Action Park: Where The Impossible Becomes Possible
The picture above this text is of an actual waterslide. There is only one place on earth where something like this could even be thought of: Action Park.
Action Park was a mostly water-based amusement park located in Vernon, New Jersey, about one hour west of New York. Advertisements for Action Park constantly played during cartoons and other programs geared for teens and children. And it looked amazing. Crazy waterslides, trapeeze swings into the water, alpine slides, some weird ride where you put on a body suit and a giant fan blows hot air and hoists you into the air, bungee cords, etc.
I always wanted to go to Action Park. However, my parents would never take me and my brother. The reason is simple. As you can tell from the picture linked above, Action Park was obviously run by maniacs. The place had so many awful stories it became colloquially known as "Traction Park."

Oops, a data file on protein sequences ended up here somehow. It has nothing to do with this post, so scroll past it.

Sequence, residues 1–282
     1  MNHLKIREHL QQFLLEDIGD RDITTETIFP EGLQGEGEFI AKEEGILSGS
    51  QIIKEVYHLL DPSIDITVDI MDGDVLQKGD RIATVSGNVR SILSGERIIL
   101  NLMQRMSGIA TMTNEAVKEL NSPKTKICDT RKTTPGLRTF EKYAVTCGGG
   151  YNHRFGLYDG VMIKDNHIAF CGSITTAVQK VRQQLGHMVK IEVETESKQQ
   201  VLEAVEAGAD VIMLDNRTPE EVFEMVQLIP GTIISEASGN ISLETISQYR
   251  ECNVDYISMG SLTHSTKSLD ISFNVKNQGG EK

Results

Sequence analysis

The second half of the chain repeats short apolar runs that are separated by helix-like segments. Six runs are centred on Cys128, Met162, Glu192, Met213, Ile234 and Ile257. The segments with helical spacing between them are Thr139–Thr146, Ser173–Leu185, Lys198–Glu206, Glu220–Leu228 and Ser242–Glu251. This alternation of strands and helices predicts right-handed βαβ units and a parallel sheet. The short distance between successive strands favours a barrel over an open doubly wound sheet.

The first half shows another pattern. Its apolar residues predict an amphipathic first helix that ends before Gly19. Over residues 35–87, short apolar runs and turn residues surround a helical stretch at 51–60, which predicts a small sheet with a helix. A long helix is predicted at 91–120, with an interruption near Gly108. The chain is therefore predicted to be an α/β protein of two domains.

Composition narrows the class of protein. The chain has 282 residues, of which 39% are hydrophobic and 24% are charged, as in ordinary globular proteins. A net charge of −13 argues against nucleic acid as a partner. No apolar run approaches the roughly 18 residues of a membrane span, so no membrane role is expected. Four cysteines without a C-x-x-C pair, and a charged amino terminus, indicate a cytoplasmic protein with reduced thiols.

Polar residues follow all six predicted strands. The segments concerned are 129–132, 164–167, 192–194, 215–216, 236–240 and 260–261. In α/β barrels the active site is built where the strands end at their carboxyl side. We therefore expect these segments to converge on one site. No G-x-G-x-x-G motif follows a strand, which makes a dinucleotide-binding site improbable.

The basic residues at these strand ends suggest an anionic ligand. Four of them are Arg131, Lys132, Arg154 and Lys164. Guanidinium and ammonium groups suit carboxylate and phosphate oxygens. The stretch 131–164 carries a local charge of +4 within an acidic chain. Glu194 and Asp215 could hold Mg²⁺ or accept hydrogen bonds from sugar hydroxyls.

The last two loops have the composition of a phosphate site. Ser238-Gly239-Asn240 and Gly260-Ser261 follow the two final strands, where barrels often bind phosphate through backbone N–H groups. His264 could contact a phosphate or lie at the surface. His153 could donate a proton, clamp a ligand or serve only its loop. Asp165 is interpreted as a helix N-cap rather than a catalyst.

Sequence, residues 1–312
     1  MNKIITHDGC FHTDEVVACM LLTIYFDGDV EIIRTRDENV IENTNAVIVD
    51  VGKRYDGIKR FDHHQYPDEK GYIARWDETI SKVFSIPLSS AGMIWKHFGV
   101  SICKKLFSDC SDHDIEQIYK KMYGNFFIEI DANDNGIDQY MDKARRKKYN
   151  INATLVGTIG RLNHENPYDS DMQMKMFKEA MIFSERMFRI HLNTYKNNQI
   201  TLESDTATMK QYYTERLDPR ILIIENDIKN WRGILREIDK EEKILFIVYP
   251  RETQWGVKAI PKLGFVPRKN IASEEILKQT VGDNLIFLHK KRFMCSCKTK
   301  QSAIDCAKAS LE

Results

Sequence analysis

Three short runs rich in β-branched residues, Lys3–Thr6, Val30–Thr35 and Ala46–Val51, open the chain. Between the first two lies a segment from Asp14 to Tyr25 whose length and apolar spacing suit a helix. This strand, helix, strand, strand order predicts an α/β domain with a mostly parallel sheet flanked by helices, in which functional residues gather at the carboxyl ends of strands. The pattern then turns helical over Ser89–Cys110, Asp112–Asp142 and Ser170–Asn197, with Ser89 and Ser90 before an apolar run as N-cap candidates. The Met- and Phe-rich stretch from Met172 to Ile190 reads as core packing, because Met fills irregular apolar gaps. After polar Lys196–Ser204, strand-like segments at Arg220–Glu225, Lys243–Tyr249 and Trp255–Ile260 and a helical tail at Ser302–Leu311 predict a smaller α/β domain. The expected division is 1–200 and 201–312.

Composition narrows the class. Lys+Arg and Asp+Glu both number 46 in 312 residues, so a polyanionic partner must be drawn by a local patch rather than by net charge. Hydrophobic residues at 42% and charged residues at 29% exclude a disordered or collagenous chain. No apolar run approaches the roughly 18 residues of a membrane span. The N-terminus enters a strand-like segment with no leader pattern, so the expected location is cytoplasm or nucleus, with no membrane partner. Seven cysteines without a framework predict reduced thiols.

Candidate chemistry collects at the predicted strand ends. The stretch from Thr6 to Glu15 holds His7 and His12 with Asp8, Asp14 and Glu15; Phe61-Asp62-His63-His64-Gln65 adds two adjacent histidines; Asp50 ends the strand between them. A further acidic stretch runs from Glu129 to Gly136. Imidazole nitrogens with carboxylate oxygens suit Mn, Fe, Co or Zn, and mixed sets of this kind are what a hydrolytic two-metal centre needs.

The loop-de-loop waterslide was all anyone who went to Action Park talked about when they returned home. Even as a child, I knew that there was no way that a loop de loop waterslide could actually work. In order to thrust a human being to get through a loop like that, one would need the pressure of Hiroshima. And even if you could get through an upside down waterslide, there was also a good chance that you'd just fall to the bottom and break your spine. Or there's a good chance you could get stuck and slowly drown.
I have told many non-North Jersey people about this contraption. Absolutely none of them believe me. But here it is, forever captured in film.
I wrote about Action Park on my old website. I have recieved dozens of comments about the place, including many from people who have claimed or know someone who claimed to have gone through the looping waterslide. I find this completely impossible and incomprehensible.
One popular rumor in North Jersey: Action Park employees actually sent a test dummy down the waterslide, where the torso got stuck in the middle of the loop but its head was decapitated and was later found in the pool.